I have always loved to create. I think I learned to lean on the creative side of my brain when I was young and dealing with all the pressures of kidney disease. Engaging in creativity helps my brain calm down and feel more in control. Engaging in creativity provides numerous benefits for my physical, emotional, and mental well-being. As I have gotten older, creativity is like food for my soul. I always need a creative project around to give my mind a break. I leave a project out where it is easily accessible. I no longer put all my arts and crafts projects away. When I need a creative fix, they are waiting for me nearby.
Lately, I have been learning more about colors and how they interact with each other. I have learned I pick colors based on my mood, and that exploring color combination helps me to express emotions and explore my feelings. When I am painting, I see shapes or patterns appear. Over the summer, I had a few health hiccups and everything I painted seemed to have a bird symbolism in it. I took this as a sign: I will take flight again. I will get through this.
I like to make jewelry and am always looking at new designs, beads, and trends. Sparkles make me happy. I smile when I put some crystals on my bead board and see if they want to be a necklace, earrings, or bracelet. Creativity is like a daily meditation for me.
Sometimes medication can make my hands a bit shaky, but over the last few decades my fine motor skills have remained steady. I chalk this up to constantly using my hands to create things. Engaging in such activities regularly can assist in maintaining or regaining dexterity and coordination.
Thinking about a creative project can provide benefits as you explore all the possibilities, even before starting it. I am fascinated with how people create things and enjoy watching other people create. Completing an arts and crafts project myself gives me a sense of achievement and it always makes me feel better. I love the challenge of learning something new.
Participating in arts and crafts can connect us with others who share similar interests, either in person or through online communities. I love looking at Pinterest for creative ideas, and pin away. Creativity is endless. I belong to several creative Facebook groups and subscribe to several artists on YouTube channels. If you consistently follow a group, it facilitates the formation of social connections through opportunities to share experiences, learn from others, and receive support for your creative endeavors. It is important to note that creativity is not limited to certain individuals or professions. It is a skill which can be developed and nurtured through practice, curiosity, and open-mindedness.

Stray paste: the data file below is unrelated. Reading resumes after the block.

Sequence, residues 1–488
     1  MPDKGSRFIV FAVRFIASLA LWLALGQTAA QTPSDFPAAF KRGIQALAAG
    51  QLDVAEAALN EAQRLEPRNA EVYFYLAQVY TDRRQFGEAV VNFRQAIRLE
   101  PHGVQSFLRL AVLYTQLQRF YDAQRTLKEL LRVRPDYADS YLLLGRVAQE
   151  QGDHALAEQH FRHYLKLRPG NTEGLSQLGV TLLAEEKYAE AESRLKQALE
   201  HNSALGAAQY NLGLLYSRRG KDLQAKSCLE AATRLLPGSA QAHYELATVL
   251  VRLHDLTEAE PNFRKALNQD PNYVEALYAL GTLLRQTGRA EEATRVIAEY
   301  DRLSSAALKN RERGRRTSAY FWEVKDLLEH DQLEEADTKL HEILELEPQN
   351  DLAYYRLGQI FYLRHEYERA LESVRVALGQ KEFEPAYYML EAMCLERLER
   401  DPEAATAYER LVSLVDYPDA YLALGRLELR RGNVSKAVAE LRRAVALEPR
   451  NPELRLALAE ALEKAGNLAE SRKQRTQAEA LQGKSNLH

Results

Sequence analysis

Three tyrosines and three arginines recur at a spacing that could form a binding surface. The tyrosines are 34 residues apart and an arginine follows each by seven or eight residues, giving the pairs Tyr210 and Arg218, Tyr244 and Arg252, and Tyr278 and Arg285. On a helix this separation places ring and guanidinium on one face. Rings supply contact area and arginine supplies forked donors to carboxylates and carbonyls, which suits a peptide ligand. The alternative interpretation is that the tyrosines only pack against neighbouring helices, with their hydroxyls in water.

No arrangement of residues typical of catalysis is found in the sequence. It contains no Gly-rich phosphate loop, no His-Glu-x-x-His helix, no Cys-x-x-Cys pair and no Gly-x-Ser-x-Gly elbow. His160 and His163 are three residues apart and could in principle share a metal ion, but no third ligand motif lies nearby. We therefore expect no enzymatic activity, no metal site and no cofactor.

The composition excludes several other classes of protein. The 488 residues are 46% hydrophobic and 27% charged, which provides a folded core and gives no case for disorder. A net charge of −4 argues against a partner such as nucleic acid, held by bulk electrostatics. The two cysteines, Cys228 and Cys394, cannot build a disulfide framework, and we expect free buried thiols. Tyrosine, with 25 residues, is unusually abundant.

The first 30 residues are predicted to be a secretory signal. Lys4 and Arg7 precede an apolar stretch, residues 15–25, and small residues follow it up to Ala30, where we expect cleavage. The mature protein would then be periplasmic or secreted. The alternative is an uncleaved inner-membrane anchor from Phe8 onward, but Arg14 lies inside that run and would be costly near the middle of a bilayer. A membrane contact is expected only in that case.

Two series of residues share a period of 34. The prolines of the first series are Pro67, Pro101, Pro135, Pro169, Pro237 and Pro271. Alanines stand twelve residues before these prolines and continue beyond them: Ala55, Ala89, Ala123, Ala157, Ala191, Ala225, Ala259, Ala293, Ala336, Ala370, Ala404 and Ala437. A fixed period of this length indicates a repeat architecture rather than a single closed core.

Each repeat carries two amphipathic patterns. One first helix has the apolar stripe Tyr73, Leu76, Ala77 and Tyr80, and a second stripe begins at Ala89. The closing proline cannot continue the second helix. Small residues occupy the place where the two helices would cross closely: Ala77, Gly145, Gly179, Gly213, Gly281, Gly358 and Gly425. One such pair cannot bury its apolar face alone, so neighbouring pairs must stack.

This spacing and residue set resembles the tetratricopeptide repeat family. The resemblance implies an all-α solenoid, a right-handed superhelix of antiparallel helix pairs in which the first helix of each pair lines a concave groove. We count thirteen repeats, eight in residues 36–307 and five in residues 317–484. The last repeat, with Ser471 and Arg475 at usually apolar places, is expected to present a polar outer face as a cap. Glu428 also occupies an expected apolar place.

I like to invite my friends over and we can play with a pile of creative supplies and munch on potluck snacks and chit chat for hours. It’s the best therapy for my soul. I encourage you to do the same and engage in your creativity.
There are several places where you can find creative ideas:
1. Pinterest: Pinterest is a great platform for discovering and saving creative ideas. You can search for specific keywords or browse through various categories to find inspiration.
2. YouTube: YouTube offers a vast array of videos with creative content. You can subscribe to channels that focus on creativity or search for specific topics to gather ideas.
3. Facebook Groups: Joining Facebook groups centered around creative topics can connect you with like-minded individuals who share their ideas and projects. These groups often have engaged communities that provide valuable insights and inspiration.
Lori Hartwell is the Founder and President of Renal Support Network (RSN) and the host of KidneyTalk™ Podcast Radio. Lori was diagnosed with kidney disease at the age of two. She survived 50+ surgeries and 13 years of dialysis, and is now living with her fourth kidney transplant. In 1993 she founded RSN to instill “health, happiness and hope” into the lives of those affected by chronic kidney disease. Lori is also the author of the inspirational book Chronically Happy: Joyful Living in Spite of Chronic Illness and is a four-time kidney transplant recipient.
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